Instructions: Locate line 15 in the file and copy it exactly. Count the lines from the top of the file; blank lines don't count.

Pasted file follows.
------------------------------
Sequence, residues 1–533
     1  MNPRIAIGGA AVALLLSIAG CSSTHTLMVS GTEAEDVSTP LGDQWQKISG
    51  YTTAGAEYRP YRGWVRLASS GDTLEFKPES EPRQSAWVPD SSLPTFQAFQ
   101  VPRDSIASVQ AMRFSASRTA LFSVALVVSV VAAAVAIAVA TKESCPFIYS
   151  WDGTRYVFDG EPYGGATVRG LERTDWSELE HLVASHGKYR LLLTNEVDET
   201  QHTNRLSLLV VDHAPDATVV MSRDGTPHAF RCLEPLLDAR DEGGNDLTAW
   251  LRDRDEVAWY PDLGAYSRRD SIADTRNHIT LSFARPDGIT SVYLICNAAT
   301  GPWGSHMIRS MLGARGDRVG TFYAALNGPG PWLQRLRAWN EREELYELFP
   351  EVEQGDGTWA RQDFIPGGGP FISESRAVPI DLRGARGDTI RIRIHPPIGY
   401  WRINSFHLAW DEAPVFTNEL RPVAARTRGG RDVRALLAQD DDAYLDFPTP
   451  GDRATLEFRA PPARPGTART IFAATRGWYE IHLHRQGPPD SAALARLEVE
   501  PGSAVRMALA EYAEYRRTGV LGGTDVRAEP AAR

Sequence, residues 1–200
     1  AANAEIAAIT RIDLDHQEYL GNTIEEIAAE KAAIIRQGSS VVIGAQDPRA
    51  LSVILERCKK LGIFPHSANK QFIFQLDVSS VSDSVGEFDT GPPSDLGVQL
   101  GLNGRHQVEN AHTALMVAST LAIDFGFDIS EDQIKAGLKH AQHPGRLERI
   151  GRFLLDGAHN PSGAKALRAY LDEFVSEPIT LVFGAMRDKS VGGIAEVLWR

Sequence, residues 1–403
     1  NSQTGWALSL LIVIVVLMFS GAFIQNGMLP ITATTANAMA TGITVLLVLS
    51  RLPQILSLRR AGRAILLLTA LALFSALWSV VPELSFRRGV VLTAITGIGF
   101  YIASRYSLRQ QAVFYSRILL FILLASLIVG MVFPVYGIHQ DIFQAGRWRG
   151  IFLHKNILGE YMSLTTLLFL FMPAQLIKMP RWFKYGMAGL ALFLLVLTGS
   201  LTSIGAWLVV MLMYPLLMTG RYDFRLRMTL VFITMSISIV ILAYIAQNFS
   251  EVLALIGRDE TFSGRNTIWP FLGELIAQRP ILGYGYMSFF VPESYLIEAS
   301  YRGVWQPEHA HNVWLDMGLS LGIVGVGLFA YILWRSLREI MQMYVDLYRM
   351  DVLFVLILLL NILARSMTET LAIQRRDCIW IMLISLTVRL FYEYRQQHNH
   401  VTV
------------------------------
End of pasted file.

    51  LSVILERCKK LGIFPHSANK QFIFQLDVSS VSDSVGEFDT GPPSDLGVQL